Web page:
Tribe's argument is ultimately counter-productive. He is attempting to set up the ObamaCare decision in the courts as political in nature, not legal, despite the fact that plenty of judges and professors have serious doubts about the constitutionality of the law and the fact that the Court has never upheld a law that compelled individuals to undertake any activity, economic or not (except for jury duty and the military draft). He is accusing the district judges who have held ObamaCare as being so obviously wrong on the Constitution of following their personal political desires. He is ignoring the fact that three of the sitting Republican Justices on the Court (Scalia, Kennedy, and Thomas) have already voted in the past to strike down Acts of Congress as beyond the Commerce Clause in Morrison (invalidating portions of the Violence Against Women Act) and Lopez (striking down the Gun Free School Zones Act), and that they could strike down ObamaCare in a move consistent with their long-standing views on federal power. By trying to manipulate the politics of the Court, no matter how transparently and unsuccessfully, Tribe only contributes to an atmosphere that politicizes the Court's decisions, which in this case will only help opponents of the law who have the majority of the American people on their side.
Gay Marriage Case -- All Hail the Federal JudiciaryAugust 5, 2010
I've now had a chance to read Judge Vaughn Walker's 138 page decision (for those interested, only the last 40 pages or so contain the important discussion of constitutional law).
It is a sweeping decision, not just on gay marriage, but for its elevation of the federal judges into arbiters of social norms and private morality. Judge Walker sees it as the job of the courts to test whether laws passed by a majority of the people, or a legislature, advance the public good as defined by expert testimony by social scientists. I'm more than happy if the government required that its own laws produce more benefits than costs. But do we want this job done by a single judge, or a small group of judges, relying on social science (in this case, the work of sociologists, psychologists, and political scientists produced to the court by the litigating parties) of a recent phenomenon?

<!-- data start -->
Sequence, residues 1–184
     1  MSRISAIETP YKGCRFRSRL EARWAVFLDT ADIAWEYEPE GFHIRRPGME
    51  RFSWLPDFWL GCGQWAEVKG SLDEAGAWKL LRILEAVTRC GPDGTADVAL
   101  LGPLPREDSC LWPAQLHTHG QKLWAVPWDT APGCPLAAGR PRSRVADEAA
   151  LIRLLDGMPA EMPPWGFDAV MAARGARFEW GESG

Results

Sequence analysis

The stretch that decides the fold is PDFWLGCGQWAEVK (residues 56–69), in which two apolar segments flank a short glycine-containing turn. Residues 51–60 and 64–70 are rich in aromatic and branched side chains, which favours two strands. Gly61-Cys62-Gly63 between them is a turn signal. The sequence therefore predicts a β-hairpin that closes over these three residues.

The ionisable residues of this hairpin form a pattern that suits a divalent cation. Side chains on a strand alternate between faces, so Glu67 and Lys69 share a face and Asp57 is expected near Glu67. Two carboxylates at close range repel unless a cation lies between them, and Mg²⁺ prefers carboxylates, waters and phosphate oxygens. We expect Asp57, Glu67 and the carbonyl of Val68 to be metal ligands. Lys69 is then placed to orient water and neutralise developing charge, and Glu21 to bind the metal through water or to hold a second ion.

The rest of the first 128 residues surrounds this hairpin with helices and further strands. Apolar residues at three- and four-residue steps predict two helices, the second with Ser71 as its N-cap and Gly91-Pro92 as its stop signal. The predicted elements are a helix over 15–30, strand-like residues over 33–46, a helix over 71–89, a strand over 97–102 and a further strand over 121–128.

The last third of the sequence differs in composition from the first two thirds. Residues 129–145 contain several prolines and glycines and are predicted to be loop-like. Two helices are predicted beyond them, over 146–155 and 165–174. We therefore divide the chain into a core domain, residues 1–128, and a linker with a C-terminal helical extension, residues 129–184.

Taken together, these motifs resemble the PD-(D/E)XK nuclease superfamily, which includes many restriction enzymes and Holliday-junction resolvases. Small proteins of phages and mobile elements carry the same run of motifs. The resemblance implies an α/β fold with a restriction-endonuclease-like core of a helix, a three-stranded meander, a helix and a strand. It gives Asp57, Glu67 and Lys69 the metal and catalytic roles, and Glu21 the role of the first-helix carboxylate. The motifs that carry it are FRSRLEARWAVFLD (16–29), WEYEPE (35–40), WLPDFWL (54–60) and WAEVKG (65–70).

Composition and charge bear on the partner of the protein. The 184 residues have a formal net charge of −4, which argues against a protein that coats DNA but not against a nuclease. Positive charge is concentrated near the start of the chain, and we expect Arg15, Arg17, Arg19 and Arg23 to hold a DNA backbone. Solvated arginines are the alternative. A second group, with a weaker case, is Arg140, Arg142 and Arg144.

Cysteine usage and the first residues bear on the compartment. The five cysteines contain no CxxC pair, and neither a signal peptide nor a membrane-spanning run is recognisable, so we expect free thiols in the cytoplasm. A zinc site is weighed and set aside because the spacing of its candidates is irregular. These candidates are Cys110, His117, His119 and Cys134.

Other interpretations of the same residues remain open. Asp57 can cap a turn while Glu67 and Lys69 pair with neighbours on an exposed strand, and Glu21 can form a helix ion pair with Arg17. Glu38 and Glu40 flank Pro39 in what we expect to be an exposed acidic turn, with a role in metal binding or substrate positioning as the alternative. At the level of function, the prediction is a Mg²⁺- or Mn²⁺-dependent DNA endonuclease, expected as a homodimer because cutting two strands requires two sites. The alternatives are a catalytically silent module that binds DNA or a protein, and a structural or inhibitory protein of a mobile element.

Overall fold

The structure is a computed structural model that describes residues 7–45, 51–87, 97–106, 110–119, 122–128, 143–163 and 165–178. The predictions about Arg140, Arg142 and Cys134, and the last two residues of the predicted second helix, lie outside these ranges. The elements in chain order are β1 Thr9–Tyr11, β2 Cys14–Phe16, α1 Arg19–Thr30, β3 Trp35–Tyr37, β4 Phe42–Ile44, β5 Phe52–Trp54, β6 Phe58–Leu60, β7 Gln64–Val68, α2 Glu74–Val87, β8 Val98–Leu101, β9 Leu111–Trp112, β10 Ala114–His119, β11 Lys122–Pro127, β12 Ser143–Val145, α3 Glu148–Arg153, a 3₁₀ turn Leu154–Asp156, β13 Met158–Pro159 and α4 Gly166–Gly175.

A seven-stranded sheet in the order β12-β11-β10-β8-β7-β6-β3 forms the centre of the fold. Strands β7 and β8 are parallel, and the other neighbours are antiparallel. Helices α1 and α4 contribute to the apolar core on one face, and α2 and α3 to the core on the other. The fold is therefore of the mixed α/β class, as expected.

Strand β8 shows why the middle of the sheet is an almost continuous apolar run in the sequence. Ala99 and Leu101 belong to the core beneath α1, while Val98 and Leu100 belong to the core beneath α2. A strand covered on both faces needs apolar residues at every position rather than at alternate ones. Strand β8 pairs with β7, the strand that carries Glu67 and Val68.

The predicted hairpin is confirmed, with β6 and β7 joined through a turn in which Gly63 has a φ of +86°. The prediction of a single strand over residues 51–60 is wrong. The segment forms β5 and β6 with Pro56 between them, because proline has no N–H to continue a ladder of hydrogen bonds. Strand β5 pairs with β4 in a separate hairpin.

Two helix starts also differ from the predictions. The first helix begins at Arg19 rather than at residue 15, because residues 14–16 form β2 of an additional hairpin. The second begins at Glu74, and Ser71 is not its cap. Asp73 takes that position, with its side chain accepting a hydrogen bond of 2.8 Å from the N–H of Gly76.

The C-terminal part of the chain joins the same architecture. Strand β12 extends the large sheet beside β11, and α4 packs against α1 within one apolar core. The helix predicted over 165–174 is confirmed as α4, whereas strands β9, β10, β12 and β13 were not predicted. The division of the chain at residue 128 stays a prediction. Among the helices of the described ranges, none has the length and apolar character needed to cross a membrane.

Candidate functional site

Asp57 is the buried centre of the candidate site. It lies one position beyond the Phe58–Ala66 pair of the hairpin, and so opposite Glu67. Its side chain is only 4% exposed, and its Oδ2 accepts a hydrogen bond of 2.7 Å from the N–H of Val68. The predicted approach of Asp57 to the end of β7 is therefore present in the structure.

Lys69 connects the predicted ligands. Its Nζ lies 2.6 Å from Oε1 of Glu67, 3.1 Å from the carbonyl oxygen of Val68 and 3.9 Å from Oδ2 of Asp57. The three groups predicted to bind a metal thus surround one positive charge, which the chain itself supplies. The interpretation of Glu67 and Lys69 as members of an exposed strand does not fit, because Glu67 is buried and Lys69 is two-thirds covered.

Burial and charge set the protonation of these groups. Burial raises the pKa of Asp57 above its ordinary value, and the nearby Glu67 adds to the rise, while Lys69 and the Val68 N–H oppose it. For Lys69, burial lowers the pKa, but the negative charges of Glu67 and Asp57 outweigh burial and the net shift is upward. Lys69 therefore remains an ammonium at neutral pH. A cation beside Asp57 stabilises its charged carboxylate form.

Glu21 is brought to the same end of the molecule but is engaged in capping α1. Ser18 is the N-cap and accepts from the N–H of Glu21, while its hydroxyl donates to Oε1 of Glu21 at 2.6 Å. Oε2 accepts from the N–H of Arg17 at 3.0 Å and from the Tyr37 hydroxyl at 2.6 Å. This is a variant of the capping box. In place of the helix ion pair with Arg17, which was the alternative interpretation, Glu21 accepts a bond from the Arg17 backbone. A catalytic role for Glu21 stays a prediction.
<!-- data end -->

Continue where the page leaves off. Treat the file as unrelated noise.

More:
Here's how it worked in the gay marriage case. Walker asked whether the goal of Prop 8 -- higher levels of marriage & less divorce, encouragement of procreation, social stability -- were achieved by a ban on gay marriage. He said no. He cited a few studies, as if they proved facts about the real world, by the plaintiffs' experts. Because of this, the law failed the rational basis test -- there was no possible logical link between the goals of Prop 8 and the means.
Imagine if the courts were to apply this approach to other laws. Did the stimulus and bailout bills in fact encourage economic growth? Do the illicit drug laws in fact increase health and reduce crime? Can we catch terrorists by monitoring their emails and phone calls without a warrant? One judge, armed with a few social science studies, could decide to overrule the considered judgment of the elected branches of government.
Why is this troubling? First, social science -- as anyone who reads these studies -- is far from a perfect science. There are so many variables and alternative explanations involved in understanding human interaction. I am dubious whether sociologists and psychologists can tell us the real causes and effects of gay marriage -- it has only been legal in the United States for a few years, and only in a few states. That is why my preferred solution of relying on federalism makes sense -- if states can choose different policies, we can learn from the information generated and understand the costs and benefits.
Second, what does this portend for other legislation built on moral intuitions? If gay marriage goes by the wayside because it is hard to measure a ban's effects, what about similar laws. Will Judge Walker invalidate the ban on adultery next? How about bigamy? Why not allow group marriages? What about the age limitations on marriage or sex?
Third why the limited use of this aggressive form of judicial review only on morals legislation? I think one reflection of the judge's activism here is that he subjects Prop 8 to a demanding standard, but would never apply the same review to economic legislation, where the utter irrationality of the government's regulations is far easier to see.
EPSTEIN > The Living Constitution Kills Prop 8